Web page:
Designing a Good Joystick Map

The release of Elite:Dangerous 1.2.03 saw a new key-binding being added for the System Map. This leaves me with a problem: I’ve run out of space on the HOTAS. I need to drastically rethink the joystick mapping.

There are three goals I want to achieve from the mappings:

1) They must be intuitive[1].
2) The primary functions must be available at all times.
3) The functions should be logically grouped.

Goal 1 generally stems from goal 3, but goal 2 can get in the way.

Given there are now only 5 buttons without a modified action I am going to start seriously compromising goal 2 if I add any more bindings. I’m also not hugely happy with where I ended up stuffing various bindings after the 1.2 release as I was simply throwing them where there was space.


While the CH Products do have a mode feature, it’s not great and I’ve never got on with it. The inability to reset the mode programatically makes it annoying to work with. I generally just use the built in shift to double up actions. Since I can programatically simulate a second shift this is probably the best way forwards to get more logical buttons.

Years of muscle memory means that shift is staying where it is, on the pinky button of the joystick. The second shift action, which I’m calling alt, will reside on the middle button on the throttle. While I effectively lose another button for mappings, I now gain a whole load more virtual buttons with the ability to map an unmodified, a shifted, an alt, and an alt shift action. That’s almost double the logical buttons I had before[2].

The general rule of thumb is that all primary functions be available in an unmodified, or shifted state, but that alt allows for specific, deliberate actions so may override a primary function if needed.


The use of the joystick throttle wheel to enable/disable the throttle is an old hangover from before we had landing overrides, and I hadn’t thought to permanently map forwards and backwards onto the throttle. As a generally useless axis I’ve never removed the binding.

There is now a binding for scanner range which would be great on this axis. As a result disabling the throttle will be moved.

All other axis mappings are fine as is.

Targeting, Shooting and Countermeasures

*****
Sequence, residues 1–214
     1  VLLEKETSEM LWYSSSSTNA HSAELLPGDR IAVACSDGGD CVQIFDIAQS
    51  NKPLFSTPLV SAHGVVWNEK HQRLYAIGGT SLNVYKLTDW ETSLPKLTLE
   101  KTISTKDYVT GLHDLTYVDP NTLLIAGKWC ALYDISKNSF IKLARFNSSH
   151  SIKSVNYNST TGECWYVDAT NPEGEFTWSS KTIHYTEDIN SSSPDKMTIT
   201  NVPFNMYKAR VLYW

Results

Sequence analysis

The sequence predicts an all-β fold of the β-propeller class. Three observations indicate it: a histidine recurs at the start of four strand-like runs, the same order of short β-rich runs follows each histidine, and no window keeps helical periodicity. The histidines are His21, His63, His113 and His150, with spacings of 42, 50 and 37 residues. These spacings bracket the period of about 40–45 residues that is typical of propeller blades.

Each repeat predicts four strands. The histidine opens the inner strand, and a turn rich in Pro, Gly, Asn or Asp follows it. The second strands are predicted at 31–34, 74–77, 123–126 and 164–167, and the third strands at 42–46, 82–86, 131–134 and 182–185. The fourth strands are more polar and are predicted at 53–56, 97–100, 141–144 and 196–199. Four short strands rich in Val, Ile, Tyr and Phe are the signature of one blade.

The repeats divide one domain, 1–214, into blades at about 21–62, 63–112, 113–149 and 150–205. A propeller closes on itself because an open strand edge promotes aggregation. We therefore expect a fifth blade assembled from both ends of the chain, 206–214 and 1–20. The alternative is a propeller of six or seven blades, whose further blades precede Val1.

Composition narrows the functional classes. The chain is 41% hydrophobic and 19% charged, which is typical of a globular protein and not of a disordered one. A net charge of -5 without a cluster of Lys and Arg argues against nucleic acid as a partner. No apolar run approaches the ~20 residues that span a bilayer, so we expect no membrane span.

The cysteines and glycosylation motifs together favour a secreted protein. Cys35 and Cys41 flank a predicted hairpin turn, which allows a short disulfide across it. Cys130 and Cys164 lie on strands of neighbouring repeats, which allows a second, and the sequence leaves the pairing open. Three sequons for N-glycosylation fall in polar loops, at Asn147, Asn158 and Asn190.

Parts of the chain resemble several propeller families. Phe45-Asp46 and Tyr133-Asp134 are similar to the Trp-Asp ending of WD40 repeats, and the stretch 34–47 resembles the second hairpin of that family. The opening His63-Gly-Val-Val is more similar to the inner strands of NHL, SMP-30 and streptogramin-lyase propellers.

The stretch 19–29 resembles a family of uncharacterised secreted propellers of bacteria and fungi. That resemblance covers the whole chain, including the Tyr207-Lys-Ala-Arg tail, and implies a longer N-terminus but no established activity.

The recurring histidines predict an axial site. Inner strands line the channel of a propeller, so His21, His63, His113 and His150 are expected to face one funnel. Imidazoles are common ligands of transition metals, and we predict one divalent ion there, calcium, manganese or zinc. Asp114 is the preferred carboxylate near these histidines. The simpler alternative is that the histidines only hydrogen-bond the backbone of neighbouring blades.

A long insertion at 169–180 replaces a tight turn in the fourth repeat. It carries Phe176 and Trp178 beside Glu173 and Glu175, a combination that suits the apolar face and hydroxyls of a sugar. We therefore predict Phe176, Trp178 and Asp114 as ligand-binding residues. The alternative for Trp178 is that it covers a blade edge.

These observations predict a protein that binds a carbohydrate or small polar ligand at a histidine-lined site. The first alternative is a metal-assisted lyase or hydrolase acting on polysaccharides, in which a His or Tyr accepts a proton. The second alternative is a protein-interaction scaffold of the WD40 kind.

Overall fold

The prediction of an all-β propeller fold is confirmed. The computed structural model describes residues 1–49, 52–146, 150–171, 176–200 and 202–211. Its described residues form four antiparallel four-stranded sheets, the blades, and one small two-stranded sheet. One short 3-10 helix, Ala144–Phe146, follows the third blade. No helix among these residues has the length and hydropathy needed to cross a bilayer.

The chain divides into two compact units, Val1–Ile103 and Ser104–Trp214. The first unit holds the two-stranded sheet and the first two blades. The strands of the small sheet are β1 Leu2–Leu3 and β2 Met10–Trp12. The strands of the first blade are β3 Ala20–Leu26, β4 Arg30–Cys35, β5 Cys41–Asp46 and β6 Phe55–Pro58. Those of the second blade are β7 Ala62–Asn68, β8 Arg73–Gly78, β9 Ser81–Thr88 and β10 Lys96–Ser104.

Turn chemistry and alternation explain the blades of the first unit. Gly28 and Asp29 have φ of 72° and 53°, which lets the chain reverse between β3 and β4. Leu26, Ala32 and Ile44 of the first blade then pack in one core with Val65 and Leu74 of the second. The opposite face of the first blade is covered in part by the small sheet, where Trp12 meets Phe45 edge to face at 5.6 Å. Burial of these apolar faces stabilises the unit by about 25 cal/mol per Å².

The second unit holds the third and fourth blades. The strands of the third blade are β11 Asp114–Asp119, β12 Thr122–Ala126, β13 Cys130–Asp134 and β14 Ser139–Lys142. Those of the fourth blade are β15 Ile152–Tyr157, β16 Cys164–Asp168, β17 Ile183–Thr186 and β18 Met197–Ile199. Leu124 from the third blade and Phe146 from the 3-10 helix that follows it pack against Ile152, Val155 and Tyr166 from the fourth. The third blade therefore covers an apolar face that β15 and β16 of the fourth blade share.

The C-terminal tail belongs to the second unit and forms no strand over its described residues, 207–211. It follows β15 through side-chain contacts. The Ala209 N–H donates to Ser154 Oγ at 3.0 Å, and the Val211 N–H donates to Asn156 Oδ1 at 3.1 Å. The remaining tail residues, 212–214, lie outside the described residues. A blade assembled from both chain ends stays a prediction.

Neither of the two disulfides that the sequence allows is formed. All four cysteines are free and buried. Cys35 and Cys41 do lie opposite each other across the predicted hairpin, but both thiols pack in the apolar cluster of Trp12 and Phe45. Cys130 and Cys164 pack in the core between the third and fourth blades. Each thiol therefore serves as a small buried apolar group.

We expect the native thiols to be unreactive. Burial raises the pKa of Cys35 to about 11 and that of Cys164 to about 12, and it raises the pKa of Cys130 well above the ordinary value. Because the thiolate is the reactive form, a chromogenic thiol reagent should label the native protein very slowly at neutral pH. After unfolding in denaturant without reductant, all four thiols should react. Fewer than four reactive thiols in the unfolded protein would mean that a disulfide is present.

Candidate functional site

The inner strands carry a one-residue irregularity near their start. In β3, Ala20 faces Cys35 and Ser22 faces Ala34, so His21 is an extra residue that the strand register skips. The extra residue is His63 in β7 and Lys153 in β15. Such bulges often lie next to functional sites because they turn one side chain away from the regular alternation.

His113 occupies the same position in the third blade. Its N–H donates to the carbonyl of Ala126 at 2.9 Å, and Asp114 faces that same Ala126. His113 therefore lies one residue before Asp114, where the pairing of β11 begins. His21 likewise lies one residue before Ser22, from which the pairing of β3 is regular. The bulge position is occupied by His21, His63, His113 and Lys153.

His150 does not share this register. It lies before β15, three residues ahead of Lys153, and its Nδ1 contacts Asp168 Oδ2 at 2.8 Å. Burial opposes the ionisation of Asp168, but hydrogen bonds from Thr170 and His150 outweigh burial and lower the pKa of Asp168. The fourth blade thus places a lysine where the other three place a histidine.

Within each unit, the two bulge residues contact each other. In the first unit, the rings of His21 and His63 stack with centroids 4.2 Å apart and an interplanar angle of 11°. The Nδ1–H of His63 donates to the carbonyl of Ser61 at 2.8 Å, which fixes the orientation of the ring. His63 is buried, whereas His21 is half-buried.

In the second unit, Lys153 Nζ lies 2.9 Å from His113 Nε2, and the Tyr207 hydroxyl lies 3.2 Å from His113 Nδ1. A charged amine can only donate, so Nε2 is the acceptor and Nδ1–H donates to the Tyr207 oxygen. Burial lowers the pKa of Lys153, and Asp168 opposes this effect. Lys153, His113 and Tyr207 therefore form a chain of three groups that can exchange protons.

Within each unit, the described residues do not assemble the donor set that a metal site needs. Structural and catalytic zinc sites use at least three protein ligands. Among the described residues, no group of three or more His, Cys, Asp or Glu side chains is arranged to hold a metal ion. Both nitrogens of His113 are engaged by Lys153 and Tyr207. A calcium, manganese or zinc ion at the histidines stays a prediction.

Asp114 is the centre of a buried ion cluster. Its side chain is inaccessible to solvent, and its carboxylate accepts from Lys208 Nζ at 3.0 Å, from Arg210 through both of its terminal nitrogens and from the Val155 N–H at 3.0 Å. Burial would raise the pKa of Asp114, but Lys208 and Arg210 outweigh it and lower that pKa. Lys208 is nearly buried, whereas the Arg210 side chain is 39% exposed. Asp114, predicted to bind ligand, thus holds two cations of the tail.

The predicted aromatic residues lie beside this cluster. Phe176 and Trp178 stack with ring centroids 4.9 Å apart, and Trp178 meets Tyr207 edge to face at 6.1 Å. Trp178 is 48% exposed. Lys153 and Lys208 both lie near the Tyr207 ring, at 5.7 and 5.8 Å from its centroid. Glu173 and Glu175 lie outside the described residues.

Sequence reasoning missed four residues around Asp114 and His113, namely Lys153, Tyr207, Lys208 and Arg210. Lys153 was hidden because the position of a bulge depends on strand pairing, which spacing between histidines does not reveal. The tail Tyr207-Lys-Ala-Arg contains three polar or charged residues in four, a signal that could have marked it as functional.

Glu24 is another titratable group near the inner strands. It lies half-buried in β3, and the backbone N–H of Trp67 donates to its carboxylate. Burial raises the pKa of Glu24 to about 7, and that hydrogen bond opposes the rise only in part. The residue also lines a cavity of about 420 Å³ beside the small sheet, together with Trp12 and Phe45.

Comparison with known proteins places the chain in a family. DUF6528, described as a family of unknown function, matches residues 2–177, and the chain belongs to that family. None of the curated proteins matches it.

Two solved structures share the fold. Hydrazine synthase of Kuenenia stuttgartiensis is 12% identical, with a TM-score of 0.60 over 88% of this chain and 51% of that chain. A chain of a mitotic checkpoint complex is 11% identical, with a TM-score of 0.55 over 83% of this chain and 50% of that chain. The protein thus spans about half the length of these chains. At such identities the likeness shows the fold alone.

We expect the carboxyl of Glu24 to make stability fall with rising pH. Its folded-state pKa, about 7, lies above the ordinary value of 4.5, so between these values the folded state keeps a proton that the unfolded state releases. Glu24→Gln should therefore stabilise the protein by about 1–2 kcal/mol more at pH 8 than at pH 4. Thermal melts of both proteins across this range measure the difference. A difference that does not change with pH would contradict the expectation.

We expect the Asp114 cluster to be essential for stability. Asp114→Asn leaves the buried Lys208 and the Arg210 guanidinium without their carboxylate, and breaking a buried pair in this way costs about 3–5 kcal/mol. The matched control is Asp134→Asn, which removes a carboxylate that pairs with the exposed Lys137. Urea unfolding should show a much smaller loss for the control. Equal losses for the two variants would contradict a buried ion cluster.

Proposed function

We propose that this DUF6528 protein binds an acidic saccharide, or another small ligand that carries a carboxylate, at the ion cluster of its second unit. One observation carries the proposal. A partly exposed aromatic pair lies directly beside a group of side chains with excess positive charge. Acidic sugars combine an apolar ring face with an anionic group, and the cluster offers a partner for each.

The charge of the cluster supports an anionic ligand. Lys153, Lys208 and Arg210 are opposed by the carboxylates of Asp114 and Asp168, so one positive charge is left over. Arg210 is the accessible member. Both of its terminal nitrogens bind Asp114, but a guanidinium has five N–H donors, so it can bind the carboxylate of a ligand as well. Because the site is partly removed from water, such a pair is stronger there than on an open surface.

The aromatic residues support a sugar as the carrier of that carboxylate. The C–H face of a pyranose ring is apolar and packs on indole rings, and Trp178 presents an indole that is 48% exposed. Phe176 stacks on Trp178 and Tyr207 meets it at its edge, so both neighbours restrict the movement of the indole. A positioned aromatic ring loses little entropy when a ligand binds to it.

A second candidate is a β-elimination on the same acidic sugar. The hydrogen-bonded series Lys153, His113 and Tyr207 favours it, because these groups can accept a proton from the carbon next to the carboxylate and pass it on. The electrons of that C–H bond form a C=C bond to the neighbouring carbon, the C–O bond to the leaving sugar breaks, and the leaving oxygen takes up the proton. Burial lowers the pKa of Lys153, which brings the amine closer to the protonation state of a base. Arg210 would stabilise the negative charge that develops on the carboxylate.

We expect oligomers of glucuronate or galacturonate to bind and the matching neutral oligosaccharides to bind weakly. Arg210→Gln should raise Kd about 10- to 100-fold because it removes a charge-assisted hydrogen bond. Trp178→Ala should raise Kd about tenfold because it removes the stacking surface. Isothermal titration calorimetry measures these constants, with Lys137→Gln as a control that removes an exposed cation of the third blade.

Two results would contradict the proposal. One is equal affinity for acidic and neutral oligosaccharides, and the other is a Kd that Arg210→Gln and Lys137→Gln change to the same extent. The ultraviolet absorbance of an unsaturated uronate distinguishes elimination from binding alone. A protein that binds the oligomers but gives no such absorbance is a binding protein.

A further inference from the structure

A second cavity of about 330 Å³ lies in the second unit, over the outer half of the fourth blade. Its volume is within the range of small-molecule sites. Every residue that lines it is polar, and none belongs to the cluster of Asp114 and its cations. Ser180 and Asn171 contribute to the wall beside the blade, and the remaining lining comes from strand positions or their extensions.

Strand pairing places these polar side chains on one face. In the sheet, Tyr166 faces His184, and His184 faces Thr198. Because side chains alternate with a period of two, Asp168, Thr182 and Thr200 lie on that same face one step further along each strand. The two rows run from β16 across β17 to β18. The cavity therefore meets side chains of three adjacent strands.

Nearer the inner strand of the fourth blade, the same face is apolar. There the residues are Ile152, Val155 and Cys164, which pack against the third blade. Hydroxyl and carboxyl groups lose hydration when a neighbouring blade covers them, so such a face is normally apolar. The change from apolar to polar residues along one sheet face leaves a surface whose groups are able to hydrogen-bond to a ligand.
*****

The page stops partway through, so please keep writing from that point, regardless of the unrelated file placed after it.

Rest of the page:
The trigger gains the ability to fire primary, secondary and both primary and secondary via the use of shift and alt. Countermeasures are all handled through the side button on the joystick.

The castle hat on the joystick remains targeting focused, but gains the ability to target your wingman’s target, and the next jump point in your route.

The top button will remain for toggling hard points and engaging silent running.

Power Management

Power management remains on the plus hat switch on the joystick. It gains some additional macros.

Head Look

Head look remains on the POV hat on the joystick. Reset and toggling head look on and off become modified actions on the hat. The hat will also allow access to the dev camera and allow resetting the Oculus Rift.


Manoeuvring remains on the side hat with no modifiers. Flight Assist is still toggled off by the right hand button on the throttle.

Engines and Ship Functions

The front hat on the throttle retains mappings for boost, reverse throttle, super cruise and hyperspace. It also contains mappings for toggling rotational correction, ships lights, throttle and yaw/roll.

Mappings also exist to change fire groups and to disable/enable the throttle

Panels and Menu Navigation

The panel and menu navigation will stay in the same general place, but be tightened up.

Select, Back, Escape and Game Menu are be mapped to left most button on the throttle. Panel selection will remain on the throttles castle hat, while panel navigation will be handled purely by the POV hat.

Wingmen and Misc

The Lower hat on the throttle is used for wingmen control, with the down button reserved for landing gear, the cargo scoop and jettisoning cargo.

Future Expandability

CH Products have a number of limits on the Control Manager software which I never thought I’d hit. Ideally I’d have liked 152 CMS buttons, but have been limited to 128. This means that not all buttons can be mapped to all modes.

On the stick, buttons 1, 2 and 3, along with hat 1 and 2 all have 4 possible actions for each direction depending on modifier. Hat 3 can only have 2 possible actions for each direction. The POV had can have 4 actions up, down, left and right, but only 2 in the other directions.

On the throttle button 4 can have 4 actions, buttons 1 and 2 can only have 2. All three hat switches can have 4 actions for each direction. The POV had can have 4 actions up, down, left and right, but only 2 in the other directions.

That’s still a staggering 76 buttons on the stick and 80 on the throttle for a total of 156 buttons (I dislike using button 1 on the throttle hence only wanting 152 CMS buttons).

The map currently uses 6 axis and 82 buttons. That may change to 9 axis and 78 buttons to get round the fact that I’ve reserved all 128 CMS buttons, but want to be able to remap buttons not currently using CMS.


I’m play testing the map tonight. I’ll likely go out in the next 24 hours.

[1] These maps are primarily put together for me to use, so when I say ‘intuitive’ I mean intuitive to me. While I’m more than happy to accept feedback and suggestions it’s ultimately going to boil down to what feels right to me.
[2] Limitations with the software stop it being 3-4 times as many.